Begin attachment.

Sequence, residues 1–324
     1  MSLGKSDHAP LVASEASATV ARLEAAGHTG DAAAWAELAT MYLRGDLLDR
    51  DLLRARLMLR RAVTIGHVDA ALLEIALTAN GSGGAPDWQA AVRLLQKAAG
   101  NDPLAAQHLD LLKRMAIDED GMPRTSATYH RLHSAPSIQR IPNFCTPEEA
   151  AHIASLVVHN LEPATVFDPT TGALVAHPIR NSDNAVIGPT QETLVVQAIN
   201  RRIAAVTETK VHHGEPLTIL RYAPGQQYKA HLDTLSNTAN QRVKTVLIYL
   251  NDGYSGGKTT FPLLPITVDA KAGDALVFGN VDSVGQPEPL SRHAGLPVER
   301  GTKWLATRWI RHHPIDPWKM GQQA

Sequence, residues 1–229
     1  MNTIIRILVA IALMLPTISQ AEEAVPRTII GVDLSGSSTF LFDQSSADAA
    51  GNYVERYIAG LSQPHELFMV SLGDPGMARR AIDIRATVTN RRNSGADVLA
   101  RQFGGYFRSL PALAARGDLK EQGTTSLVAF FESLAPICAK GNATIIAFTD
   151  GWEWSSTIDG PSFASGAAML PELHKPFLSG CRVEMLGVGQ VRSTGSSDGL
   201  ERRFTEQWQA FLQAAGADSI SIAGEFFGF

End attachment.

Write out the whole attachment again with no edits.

Sequence, residues 1–324
     1  MSLGKSDHAP LVASEASATV ARLEAAGHTG DAAAWAELAT MYLRGDLLDR
    51  DLLRARLMLR RAVTIGHVDA ALLEIALTAN GSGGAPDWQA AVRLLQKAAG
   101  NDPLAAQHLD LLKRMAIDED GMPRTSATYH RLHSAPSIQR IPNFCTPEEA
   151  AHIASLVVHN LEPATVFDPT TGALVAHPIR NSDNAVIGPT QETLVVQAIN
   201  RRIAAVTETK VHHGEPLTIL RYAPGQQYKA HLDTLSNTAN QRVKTVLIYL
   251  NDGYSGGKTT FPLLPITVDA KAGDALVFGN VDSVGQPEPL SRHAGLPVER
   301  GTKWLATRWI RHHPIDPWKM GQQA

Sequence, residues 1–229
     1  MNTIIRILVA IALMLPTISQ AEEAVPRTII GVDLSGSSTF LFDQSSADAA
    51  GNYVERYIAG LSQPHELFMV SLGDPGMARR AIDIRATVTN RRNSGADVLA
   101  RQFGGYFRSL PALAARGDLK EQGTTSLVAF FESLAPICAK GNATIIAFTD
   151  GWEWSSTIDG PSFASGAAML PELHKPFLSG CRVEMLGVGQ VRSTGSSDGL
   201  ERRFTEQWQA FLQAAGADSI SIAGEFFGF